Like any good team, a practice group is only as good as the contributions of the members of that team. This means enhancing the reputation of a practice group must start with the individual attorneys who collectively make up the group and build from there. As legal marketers, our work is often multifaceted because we are faced with a multitude of “customers” with differing opinions about the best tactics to help them build their practices. Fortunately, we have a number of tools in our arsenal to help position attorneys as leaders in their fields. These include newsletters, blogs, publications, social media, media relations, legal rankings and speaking engagements,
Often times, the last tool on the list – speaking engagements – is underused because public speaking can seem daunting to even the most-seasoned attorney. But if we can push attorneys to give this tool a try, the right speaking engagement can provide attorneys the opportunity to set themselves apart from their peers, allowing them to establish themselves as thought leaders, generate leads and gain connections. For the firm, a speaking engagement is a great way to generate publicity and positive exposure.
Because there are tens of thousands of conferences in the U.S. every year, finding the right conference for an attorney can be an overwhelming endeavor. Given the many summits, training sessions and webinars, which offer a variety of audience sizes, you should be able to identify the one(s) where your attorney will be comfortable presenting. The challenge for legal marketers is how to cull through the multitude of potential opportunities and then identify and select the appropriate conferences to target. It can take hours to identify just a handful of good options. Then, once a list of possibilities is completed, time must be spent on preparing a winning speaker submission.
Where to Start?
As with any search, identifying the attorney’s goals and understanding why she wants to speak at events will significantly narrow your search and point you in the right direction.
Identify the Audience
Establishing who, what, where and how often is key to matching your attorney with the right audience. These questions will help get you started.
Who is your target audience?
Identifying who the attorney would like to speak to narrows your search by industry and organization. The audience could be corporate counsel, CEOs, entrepreneurs, other attorneys, etc.
What types of events do they attend?
Beyond conferences, there are summits, forums, conventions, webinars and meetings for everything. Identifying the industry, number of attendees and type of event will help you narrow your search further.
Where is the attorney willing to travel?
Whether an attorney wants to stay in his or her home state or is willing to travel anywhere, knowing geographic limitations will help you identify the best region for an engagement.
Is the firm willing to sponsor the event?
Sponsorship is a tough one. While sponsorship is often expensive, it can sometimes guarantee the lawyer will be presenting.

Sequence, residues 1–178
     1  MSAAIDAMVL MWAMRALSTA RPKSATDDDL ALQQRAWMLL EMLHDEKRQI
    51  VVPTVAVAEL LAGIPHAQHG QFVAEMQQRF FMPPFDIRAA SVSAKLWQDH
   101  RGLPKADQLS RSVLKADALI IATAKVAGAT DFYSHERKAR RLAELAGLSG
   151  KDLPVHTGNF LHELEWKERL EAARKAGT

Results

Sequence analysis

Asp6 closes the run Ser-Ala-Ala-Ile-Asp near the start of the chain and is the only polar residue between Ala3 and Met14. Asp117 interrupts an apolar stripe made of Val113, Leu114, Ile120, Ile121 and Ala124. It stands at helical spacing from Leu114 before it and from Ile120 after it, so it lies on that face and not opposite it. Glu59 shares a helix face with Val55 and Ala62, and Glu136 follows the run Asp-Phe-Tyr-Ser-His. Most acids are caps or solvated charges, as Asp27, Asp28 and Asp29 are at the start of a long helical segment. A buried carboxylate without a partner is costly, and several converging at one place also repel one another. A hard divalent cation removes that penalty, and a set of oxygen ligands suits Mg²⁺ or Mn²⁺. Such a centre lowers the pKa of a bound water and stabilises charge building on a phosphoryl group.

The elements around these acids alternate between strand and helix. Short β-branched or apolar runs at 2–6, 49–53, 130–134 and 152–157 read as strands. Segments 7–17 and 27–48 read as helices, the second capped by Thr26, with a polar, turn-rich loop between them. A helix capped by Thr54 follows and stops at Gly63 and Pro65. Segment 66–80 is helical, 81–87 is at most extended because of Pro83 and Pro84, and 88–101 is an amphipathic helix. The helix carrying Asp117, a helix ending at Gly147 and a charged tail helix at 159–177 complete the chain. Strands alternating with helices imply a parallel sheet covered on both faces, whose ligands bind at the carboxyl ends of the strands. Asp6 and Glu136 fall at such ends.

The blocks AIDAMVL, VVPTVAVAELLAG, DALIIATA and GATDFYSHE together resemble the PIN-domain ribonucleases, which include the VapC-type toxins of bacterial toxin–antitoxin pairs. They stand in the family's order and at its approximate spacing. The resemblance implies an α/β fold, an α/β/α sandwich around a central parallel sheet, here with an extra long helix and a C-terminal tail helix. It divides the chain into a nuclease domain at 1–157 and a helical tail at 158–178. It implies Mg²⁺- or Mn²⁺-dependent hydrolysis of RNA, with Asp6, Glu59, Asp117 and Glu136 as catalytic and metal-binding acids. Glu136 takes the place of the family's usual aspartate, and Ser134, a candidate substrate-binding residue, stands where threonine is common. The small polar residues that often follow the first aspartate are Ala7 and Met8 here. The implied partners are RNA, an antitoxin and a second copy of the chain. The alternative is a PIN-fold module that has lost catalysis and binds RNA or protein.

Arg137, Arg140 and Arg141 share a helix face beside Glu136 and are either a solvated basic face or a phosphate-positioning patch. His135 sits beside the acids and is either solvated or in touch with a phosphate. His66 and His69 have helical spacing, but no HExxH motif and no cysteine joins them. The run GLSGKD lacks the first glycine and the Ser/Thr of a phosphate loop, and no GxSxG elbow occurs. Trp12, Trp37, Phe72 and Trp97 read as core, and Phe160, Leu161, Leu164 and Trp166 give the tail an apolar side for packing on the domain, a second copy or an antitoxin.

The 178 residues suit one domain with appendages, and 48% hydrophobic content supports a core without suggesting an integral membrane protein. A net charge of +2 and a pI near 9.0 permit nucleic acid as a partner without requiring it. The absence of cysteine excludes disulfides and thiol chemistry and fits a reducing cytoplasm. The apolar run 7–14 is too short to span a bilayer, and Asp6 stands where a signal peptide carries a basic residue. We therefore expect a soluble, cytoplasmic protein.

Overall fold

Once you have identified and vetted the conferences, you must monitor the event websites for the call for speakers and complete the speaking proposal.
Best Practices for Submitting an Attorney to Speak
When completing speaking proposals, it is critical to think like an organizer. If you were planning an event, what would help you in selecting a potential speaker?
Propose Topics that Fit the Event
Conference organizers strive to offer agendas that provide attendees with useful, actionable information. What this means varies by event. If it is a niche summit, then a specialized presentation tailored to the audience is appropriate. For a national conference, broad topics that provide top-level information will be more appropriate for a larger, more-diverse group of attendees. Regardless, proposed topics must be suitable for the type of conference and the attendees.
Conference speaking engagements are highly competitive. Organizers frequently receive hundreds of applications for only a few speaking spots. By submitting multiple topics for consideration, you are highlighting the breadth of the attorney’s knowledge and improving his or her chances of being selected.
Show, Don’t Tell
Try to refrain from offering “how to” presentations since there are many media that people can access to learn how to do something. Focusing the presentation on explaining why and highlighting best practices will leave attendees with a desire to learn more.
Given two otherwise equal submissions, organizers gravitate to the attorney who is the established thought leader. As a legal marketer, the time you invest in establishing the attorney’s brand increases their presence and likelihood of being selected. The attorney who has an active social media presence and published content will increase followers and attract influencers. Additionally, attorneys who are involved with the host organization and have a more-prominent presence in it will attract more attendees to the conference.
Whatever the attorney’s practice focus, make sure it is clear to others that your lawyer is a known thought leader on this subject. As discussed above, publishing articles, tweeting and blogging will help establish thought leadership. Make sure to carry this over to the attorney’s bio page and conference materials. As your attorney's industry changes, so should his or her specialty. Keeping on top of trends and adjusting published information accordingly will reinforce renown.
Equally important, never forget that the speaker proposal is a sales pitch. It has to be compelling without being overly self-serving. You are selling the attorney to the event organizers, which should not be difficult if the attorney is established as a thought leader.
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